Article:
With all the excitement around generative artificial intelligence (AI), many people are feeling the pressure to adopt. But unlike the “race to the moon” mentality around it in 2023, companies are now thinking more strategically about its practical use and return on investment (ROI) before implementing it into their workflows. In fact, a report from Deloitte found that the majority of chief financial officers plan to spend more modestly on generative AI in 2024 for this reason, with 62% allocating less than 1% of their 2024 budget to it.

AI-powered tools can be incredibly valuable to businesses when implemented correctly. However, less than half of companies that have adopted AI have well-established data responsibility and AI ethics policies and practices to govern use in the workplace.

The Role of L&D in AI Implementation

Learning and development (L&D) is an important facet of this conversation. Sufficient training is necessary for the effective and ethical use of AI technology, especially as business leaders look to prove its ROI, and AI compliance begins when training employees on new technology.

Today, employee demand for AI training opportunities is often not met. A recent report found that many employees report needing more training on how to harness AI, with a large number of those employees having not received the training they expected.

As business leaders strategically adopt AI and increase their training opportunities, it’s important that they do so in a way that is relevant to and effective for their workforce. To produce the desired results, leaders should focus on the following strategies:

1. Focus on Relevance to Employee Performance and Growth

When an employee participates in any type of training, they need to understand the “why” behind the training material — meaning the relevance to their role and professional development — for it to truly resonate. Effective training programs should always communicate the relevance of each training session to learners. Additionally, their managers and other leaders should help them understand how they are expected to implement what they’ve learned into their everyday tasks.

In the realm of AI training, a one-size-fits-all approach may not address the unique needs of different departments and job functions. Companies should instead provide relevant training opportunities that are tailored to individual roles and responsibilities to help ensure employees can both grasp the fundamentals of AI and its direct applicability to their work.

2. Encourage Collaboration

When designing an AI training program, business leaders should find ways to encourage collaboration among learners. Collaboration enhances active learning, whether through discussion-based assignments, interactive workshops or cross-departmental brainstorming sessions. By fostering a collaborative learning environment, businesses can better mitigate disengagement while also harnessing the collective expertise of its workforce to enhance overall skills development. This is of particular importance as we’re still in the infancy stages of knowing the true potential that AI can bring to L&D in the workplace.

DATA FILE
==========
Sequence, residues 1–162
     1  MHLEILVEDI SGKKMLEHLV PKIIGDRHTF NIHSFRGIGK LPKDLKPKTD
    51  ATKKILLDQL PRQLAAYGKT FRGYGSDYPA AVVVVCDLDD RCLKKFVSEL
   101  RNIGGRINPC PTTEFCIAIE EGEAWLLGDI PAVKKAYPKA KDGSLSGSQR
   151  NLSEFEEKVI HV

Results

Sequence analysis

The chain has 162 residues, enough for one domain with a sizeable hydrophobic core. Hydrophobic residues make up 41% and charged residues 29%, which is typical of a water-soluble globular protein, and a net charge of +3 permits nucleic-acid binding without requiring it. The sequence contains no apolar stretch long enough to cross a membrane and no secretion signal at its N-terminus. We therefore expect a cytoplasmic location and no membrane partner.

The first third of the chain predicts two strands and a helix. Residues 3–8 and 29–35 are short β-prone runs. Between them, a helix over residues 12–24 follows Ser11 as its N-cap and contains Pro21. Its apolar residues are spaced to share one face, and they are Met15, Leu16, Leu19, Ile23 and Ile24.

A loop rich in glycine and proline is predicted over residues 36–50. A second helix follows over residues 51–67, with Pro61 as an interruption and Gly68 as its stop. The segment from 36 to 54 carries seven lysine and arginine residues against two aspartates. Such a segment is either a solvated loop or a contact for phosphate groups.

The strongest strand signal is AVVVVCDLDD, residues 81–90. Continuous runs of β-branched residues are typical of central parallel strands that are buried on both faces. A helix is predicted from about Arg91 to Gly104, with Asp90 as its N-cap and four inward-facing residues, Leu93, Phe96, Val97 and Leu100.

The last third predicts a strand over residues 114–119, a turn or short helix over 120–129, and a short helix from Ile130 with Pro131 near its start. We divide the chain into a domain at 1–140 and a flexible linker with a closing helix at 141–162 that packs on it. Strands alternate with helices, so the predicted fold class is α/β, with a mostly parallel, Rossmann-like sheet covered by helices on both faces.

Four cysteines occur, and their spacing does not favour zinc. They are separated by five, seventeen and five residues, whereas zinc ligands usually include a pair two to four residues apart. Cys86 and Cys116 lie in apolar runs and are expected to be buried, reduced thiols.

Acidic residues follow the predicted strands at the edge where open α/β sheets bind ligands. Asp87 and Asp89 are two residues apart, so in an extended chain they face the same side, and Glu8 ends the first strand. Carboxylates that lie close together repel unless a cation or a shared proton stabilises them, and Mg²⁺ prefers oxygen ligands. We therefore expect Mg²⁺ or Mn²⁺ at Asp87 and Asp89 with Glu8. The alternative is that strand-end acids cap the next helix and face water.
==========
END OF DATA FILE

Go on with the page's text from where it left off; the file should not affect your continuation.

3. Prioritize Ethical AI Training

All employees being trained on AI implementation should be trained on AI ethics, bias and data security to ensure they are using the technology safely and responsibly. While this may seem like an obvious consideration, a recent study by Deloitte found that only 44% of technology professionals know whether or not their company follows AI ethical guidelines.

It is crucial that companies establish clear guidelines and policies surrounding the ethical use of any AI technologies — and that these guidelines are communicated clearly in training materials, especially if generative AI is in use. AI ethics training equips employees with the tools needed to recognize and address any potential ethical dilemmas or biases, increasing their ability to maintain data privacy, compliance and the sustainability of the organization’s AI initiatives.

4. Give Employees Time

Learning and adapting to new technologies takes time. To adequately support employees in their AI training, business leaders should allocate an ample amount of time for training sessions, hands-on practice and ongoing learning or mentorship opportunities. By giving employees time to learn information, process it, implement it and identify any needs for additional training, business leaders can ensure that employees are using the technology more effectively and are ultimately driving a higher ROI.

5. Evaluate Employee Feedback

Employee feedback plays an important role in the ongoing development of a business’s L&D strategy. Once employees complete AI training and begin implementing what they learned, companies should collect and analyze any feedback about their experiences with the training program and with the technology itself. Whether through surveys, focus groups or regular check-ins, a well-rounded feedback strategy allows business leaders to identify any training gaps, technical issues or areas for improvement.

By actively soliciting and evaluating employee feedback, organizations demonstrate their commitment to employee engagement and satisfaction while also gaining insights on how to optimize AI training programs to ensure their effective use. This may also help business leaders identify any areas that are not producing the desired ROI, allowing them to reevaluate specific AI use cases as needed.

Ultimately, a strategic L&D strategy is necessary for the successful implementation of AI as it equips employees with the knowledge and skills needed to leverage the technology effectively. This not only drives a higher ROI but also fosters a culture of continuous learning and innovation, positioning companies for success in an AI landscape that calls for more strategy and practicality than ever before.